Skip navigation
Skip navigation
You are using an outdated browser. Please upgrade your browser.
We will be performing essential maintenance on the ResponseSource platform from 12pm Saturday 13th august until Sunday morning. There will be short outages on the platform during this time.

New research predicts a ‘low’ in sleep this February

As the UK eases itself into 2013, the newest results from Sleepio's Great British Sleep Survey suggest that we are on the brink of a post New Year’s ‘sleep dip’.

The survey of over 21,000 UK adults predicts that February will be the worst for sleep until the winter months hit later this year. Key findings suggest that:

+ We will spend an average of 8 minutes longer trying to get to sleep, alongside a further 10 minutes awake during the night than we will in March [1].
+ Almost ⅓ more people will suffer from low energy in February than in March [2].
+ Women are particularly affected, experiencing sleep quality 7% worse in February than their average for the rest of the year (versus a 5% dip for men).

It’s not all bad news however. The survey, commissioned by clinically-proven sleep improvement programme, suggests that we should see a boost in our sleep in March, with a 14% increase in the nation’s average Sleep Score, an overall measure of sleep quality [3], and a 26% fall in those who felt frustrated due to their sleep [4].

Sleep expert and co-founder of Sleepio, Professor Colin Espie said:
“These results demonstrate the difficulty many people experience with sleep during the shorter, darker days typical of this time of the year. It is unsurprising that women are affected slightly more than men - this reflects the general higher prevalence of sleep problems amongst the female population. With poor quality of sleep affecting all aspects of our lives - from relationships to energy and productivity at work - the potential impact of this shouldn’t be underestimated. This highlights once again the need for evidence-based non-drug sleep improvement solutions such as”.

Sleepio is a clinically-proven online sleep improvement programme, featuring personalised CBT techniques, with 12 weeks access available for £49.99.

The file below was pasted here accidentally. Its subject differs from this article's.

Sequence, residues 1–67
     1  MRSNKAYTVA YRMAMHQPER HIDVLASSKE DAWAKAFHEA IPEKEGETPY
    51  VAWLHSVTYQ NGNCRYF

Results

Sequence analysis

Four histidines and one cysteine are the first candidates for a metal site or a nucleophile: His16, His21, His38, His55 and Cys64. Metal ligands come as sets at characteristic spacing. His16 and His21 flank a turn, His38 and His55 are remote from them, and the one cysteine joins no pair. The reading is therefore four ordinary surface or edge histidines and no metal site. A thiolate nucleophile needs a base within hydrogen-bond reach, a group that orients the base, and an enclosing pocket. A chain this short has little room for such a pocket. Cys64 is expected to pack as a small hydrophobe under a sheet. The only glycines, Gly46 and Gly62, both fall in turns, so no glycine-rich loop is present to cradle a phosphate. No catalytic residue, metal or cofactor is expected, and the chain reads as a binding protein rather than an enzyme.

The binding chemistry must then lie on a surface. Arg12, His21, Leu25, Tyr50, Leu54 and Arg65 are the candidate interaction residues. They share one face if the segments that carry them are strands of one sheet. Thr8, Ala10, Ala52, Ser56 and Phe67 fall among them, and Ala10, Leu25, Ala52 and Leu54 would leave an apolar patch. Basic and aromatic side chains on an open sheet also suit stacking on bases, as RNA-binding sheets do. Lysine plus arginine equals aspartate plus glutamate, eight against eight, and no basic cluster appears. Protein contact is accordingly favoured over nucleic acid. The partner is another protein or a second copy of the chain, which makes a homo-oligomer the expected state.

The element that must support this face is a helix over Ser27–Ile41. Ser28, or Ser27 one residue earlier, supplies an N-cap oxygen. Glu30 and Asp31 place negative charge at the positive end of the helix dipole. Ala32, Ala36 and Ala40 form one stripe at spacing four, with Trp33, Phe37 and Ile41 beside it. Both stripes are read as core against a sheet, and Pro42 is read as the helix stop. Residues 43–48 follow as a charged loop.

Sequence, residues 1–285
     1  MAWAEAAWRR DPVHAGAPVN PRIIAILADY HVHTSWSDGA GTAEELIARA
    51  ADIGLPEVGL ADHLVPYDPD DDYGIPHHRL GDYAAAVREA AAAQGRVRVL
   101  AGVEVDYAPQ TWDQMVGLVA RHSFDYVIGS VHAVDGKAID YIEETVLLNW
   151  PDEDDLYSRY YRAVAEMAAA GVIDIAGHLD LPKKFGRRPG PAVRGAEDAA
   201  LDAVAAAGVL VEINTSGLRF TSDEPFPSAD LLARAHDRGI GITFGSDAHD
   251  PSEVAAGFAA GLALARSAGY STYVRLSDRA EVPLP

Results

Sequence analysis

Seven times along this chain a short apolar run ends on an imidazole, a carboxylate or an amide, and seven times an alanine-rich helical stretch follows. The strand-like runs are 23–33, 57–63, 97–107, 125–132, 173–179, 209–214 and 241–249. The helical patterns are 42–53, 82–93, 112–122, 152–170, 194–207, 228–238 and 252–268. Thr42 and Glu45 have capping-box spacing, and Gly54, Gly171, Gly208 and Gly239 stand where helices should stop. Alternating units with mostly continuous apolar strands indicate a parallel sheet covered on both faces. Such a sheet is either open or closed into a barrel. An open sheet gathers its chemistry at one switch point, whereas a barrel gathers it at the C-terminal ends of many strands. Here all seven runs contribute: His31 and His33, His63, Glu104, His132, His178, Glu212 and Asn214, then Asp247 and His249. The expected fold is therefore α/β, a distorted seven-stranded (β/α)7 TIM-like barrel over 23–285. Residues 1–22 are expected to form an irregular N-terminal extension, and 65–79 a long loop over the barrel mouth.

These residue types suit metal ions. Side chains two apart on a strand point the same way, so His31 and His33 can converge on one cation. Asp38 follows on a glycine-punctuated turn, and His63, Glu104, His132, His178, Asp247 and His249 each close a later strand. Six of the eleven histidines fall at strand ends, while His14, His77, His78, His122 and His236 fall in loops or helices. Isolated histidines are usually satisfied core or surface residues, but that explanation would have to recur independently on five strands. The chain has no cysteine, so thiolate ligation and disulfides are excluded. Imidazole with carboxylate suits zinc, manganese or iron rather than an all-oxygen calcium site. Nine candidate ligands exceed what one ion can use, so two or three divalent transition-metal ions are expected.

For case studies, interviews with Professor Espie or more information please contact Rosie Gollancz - / +44 (0) 7814 978 054

Notes to editors:

Launched in March 2010, the Great British Sleep Survey is the broadest and deepest ever assessment of how the UK is sleeping. The ongoing survey, hosted on, gives us a unique insight into the things that are keeping Britain awake at night, and how such factors vary with age and geography. Importantly, it also tells us about the day-to-day consequences of the poor sleep that so many of us are living with nowadays.

Anyone can take part in the survey by visiting The questionnaire takes just 5-10 minutes to fill in and everyone who completes it gets a free personal sleep report, designed by world sleep expert Professor Colin Espie and tailored to their specific problems.

[1] The average time taken to get to sleep was 56 minutes and time awake at night 59 minutes for those completing the survey in February, versus 48 and 49 minutes respectively in March.
[2] Of those who completed the survey during the month of February, 68% complained of low energy, compared to those who completed the survey in March, 39% of whom complained of low energy - a 29% difference.
[3] The average Sleep Score of those completing the survey in the month of February was 4.8, compared to an average of 5.5 for those completing it in the month of March, an increase of 14%.
[4] Of those who completed the survey during the month of February, 26% reported feeling negative and 32% felt frustrated due to their sleep, compared to those who completed the survey in March, only 10% of whom reported feeling negative and 8% frustrated - differences of 16% and 26% respectively.

This press release was distributed by ResponseSource Press Release Wire on behalf of Sleepio in the following categories: Health, Women's Interest & Beauty, Medical & Pharmaceutical, for more information visit